Frequently Asked Questions
Where do you get your ideas?
I get inspired by almost anything: nature, reading (especially mythology and folklore), traveling and visiting parks and zoos, etc. I recently took a trip to the Northeast and was dazzled by the lighting that filtered through the deciduous trees. The way the light and shadow created patterns on the tree trunks was nothing short of magical; I soon saw those visual displays carry over into my art.
Can you explain your painting technique?
I’m a watercolorist — my soul medium. To find out more about my technique, go to my techniques page where I give a full step-by-step explanation of my process.
What time of day do you like to work?
I seem to work best in the afternoon, but sometimes my muse will strike me in the evening hours when my household winds down with the setting sun.
When did you start drawing?
I’ve been drawing for as long as I can remember. I loved drawing nature and later fairy tales.
Who encouraged you?
As a young child, no one discouraged me — it was an inexplicable drive. Teachers were always encouraging but oftentimes frustrated because I tended to want to do my own thing. I was definitely an artist geek in school. I even wore an artist’s cap and scarves when I was in high school.
Where were you born and where did you grow up?
I was born in Washington State but my family moved to New England when I was almost 3.
Are you married? Do you have any children?
I am married to photographer and graphic designer Kort Kramer. We have a son and a daughter.
Where do you live?
The sunshine state! I love the tropical atmosphere. I’ve lived in South Florida for most of my adult life.
May I use your artwork on my website/in my newsletter/for a business card/as part of a slideshow/etc.?
I am happy to license artwork for a reasonable fee. Click here for licensing information.
How did you become involved with tarot?
What started out as an intrigue became a passion. The tarot perfectly complements my interest in psychology and art and allows me to use my artwork in a way that helps me to become more engaged in the deeper levels of the psyche. I’m fascinated by symbolism and the subtleties that these cards represent as projection holders. It is endlessly fascinating and never grows boring for me. I’m always reading and rereading books about tarot and continue to learn new things about this amazing and versatile tool.
How do you begin when creating tarot images?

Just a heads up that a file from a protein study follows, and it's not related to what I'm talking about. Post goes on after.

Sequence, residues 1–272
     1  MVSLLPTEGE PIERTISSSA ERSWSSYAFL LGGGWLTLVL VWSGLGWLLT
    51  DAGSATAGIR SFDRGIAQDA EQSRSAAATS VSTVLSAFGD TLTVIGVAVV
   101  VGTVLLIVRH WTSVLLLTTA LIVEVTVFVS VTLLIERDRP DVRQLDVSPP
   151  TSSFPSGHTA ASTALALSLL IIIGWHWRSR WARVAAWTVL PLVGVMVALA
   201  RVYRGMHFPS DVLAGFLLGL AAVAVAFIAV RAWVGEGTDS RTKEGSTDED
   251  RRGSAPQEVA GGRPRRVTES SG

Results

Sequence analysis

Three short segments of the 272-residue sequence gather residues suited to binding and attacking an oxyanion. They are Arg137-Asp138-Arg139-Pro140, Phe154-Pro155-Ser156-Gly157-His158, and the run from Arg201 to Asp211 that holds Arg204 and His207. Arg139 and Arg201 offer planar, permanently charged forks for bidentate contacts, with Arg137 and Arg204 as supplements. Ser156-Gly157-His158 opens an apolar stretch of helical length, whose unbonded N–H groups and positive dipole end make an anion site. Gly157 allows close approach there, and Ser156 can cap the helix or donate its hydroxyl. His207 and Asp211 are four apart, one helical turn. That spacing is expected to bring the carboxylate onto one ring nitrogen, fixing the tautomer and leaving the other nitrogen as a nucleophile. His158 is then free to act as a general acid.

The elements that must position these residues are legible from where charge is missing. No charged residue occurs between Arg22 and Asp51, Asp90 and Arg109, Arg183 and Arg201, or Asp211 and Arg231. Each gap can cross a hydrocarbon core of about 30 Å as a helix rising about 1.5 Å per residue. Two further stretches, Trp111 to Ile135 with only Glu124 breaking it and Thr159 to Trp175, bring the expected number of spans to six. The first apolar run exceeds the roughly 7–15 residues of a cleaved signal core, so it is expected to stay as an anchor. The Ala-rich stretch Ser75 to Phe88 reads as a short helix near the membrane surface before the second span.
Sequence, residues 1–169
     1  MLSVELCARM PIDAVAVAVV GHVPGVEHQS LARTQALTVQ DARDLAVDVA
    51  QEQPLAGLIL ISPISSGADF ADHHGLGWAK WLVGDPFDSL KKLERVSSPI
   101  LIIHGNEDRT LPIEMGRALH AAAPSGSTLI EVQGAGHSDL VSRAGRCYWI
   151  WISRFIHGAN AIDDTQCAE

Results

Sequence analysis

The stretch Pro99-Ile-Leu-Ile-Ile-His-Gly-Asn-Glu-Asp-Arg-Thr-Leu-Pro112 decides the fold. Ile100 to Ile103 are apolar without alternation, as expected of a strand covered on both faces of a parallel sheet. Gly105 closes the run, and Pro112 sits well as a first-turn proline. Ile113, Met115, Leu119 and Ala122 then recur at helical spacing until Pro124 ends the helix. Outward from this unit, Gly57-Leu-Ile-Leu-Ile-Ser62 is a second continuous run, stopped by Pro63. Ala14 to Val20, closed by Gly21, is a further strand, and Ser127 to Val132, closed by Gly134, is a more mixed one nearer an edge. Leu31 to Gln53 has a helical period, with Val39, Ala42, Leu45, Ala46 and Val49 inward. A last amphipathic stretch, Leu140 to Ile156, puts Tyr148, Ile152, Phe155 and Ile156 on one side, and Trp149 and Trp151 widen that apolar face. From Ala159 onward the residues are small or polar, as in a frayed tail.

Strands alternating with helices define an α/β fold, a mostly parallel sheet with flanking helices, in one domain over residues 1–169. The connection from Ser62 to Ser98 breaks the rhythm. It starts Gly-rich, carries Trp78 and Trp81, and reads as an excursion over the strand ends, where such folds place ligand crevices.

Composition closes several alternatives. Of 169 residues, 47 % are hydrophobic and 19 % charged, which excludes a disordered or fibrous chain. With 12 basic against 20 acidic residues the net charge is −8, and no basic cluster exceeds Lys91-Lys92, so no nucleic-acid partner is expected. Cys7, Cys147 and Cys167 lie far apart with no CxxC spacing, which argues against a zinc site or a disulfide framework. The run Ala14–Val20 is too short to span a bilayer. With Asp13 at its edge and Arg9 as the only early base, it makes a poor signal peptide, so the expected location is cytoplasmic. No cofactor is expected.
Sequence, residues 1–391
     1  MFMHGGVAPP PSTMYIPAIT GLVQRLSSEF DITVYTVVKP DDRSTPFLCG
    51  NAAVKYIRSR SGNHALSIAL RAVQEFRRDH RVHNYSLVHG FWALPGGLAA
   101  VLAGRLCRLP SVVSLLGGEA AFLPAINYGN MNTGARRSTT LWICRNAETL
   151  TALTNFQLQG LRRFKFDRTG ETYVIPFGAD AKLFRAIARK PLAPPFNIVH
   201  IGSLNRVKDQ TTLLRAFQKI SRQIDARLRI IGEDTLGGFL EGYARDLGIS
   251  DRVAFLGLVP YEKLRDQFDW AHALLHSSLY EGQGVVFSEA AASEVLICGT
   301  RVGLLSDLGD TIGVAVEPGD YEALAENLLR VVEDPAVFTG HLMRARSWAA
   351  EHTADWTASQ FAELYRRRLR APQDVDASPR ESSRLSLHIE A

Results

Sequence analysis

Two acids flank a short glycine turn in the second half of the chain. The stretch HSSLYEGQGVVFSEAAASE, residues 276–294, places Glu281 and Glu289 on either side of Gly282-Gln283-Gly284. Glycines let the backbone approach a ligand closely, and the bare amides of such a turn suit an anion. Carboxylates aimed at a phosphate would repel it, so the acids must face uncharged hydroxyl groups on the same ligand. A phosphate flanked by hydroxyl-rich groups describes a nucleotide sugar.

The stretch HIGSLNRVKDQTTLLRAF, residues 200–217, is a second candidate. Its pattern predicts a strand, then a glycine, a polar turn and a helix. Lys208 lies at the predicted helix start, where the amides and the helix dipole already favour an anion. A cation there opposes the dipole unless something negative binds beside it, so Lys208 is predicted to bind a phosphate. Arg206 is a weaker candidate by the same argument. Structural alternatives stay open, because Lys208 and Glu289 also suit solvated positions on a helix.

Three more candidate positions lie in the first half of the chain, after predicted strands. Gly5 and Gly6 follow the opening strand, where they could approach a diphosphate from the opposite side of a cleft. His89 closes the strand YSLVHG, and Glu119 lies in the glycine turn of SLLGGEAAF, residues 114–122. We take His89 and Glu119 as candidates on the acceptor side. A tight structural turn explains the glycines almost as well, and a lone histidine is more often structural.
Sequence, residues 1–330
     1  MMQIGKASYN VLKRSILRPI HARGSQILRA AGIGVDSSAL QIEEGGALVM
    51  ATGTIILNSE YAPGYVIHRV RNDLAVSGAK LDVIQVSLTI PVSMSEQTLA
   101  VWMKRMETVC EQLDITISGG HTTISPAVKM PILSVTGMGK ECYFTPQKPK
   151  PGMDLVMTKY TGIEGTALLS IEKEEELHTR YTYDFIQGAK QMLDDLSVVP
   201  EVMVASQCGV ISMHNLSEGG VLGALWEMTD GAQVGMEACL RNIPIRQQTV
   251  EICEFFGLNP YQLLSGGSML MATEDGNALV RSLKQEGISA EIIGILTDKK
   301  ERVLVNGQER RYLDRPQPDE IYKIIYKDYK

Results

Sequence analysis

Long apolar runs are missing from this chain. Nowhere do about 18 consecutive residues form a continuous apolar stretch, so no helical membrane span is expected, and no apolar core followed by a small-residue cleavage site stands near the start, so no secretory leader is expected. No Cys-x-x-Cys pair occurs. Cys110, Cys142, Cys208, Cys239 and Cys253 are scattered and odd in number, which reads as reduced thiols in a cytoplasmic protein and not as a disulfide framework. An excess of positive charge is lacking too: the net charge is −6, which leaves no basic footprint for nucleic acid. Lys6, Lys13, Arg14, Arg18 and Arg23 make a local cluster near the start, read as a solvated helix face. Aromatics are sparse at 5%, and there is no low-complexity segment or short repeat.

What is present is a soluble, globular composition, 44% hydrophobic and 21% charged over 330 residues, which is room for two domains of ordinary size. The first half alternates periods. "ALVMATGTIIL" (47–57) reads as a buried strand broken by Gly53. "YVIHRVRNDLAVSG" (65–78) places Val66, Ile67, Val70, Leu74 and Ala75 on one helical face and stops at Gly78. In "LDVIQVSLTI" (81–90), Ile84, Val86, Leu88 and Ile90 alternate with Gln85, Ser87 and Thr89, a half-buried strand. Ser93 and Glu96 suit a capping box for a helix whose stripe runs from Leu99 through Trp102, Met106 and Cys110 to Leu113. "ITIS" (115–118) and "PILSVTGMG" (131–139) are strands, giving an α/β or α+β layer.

When sketching tarot cards, I work on automatic — I don’t restrict myself in anyway except for the basic border approximating the card size. I try not to be analytical about the sketches, I just let myself go and allow feelings and creative impulses to direct my composition. This is my way of connecting with something sacred within my being. It’s one of my favorite stages of the creative process. I may sketch several versions of a card before I arrives at that “this feels right” moment. Or I may settle on a design relatively quickly. I rely heavily on intuition when deciding which sketch would best represent a particular card.
How do you proceed when you paint the cards?
While painting, I get meditative and often let the paint flow as it will. Many paintings are rendered with spontaneity (especially the ethereal parts like hidden spirits in the sky, trees, etc.). I rarely know exactly how the painting is going to turn out. I pre-plan a basic color scheme and let the painting evolve as it wants to. If I were to put too many pre-planned restrictions on myself, I would lose the joy of the process.
Why do you paint so many spirals?
The spiral motif is a natural extension of my creative delivery and yes, I use it quite often in my work. The idea of continuation, renewal and life cycles is a common theme in my work. The spiral is a strong, universal symbol that has appeared in cultures throughout the world. It seems to speak to humanity on a deep, unconscious level and continues to reveal itself in various artistic expressions.
What advice can you give an aspiring artist?
Follow your creative instincts and stay true to yourself. Don’t try to paint like anyone else but instead nurture your own individual style. If you keep at it and allow yourself to become confident with your chosen medium(s), it will show in the final presentation. I think artists oftentimes get too easily frustrated and give up. I’ve seen this happen too many times. I think it is important to view the artistic road as a lifelong journey–full of challenges, disappointments, rewards and many opportunities to grow. If you feel passionate about what you’re doing, then the journey will surely be infinitely rich and exciting. If you love what you are doing, then failure is not an option.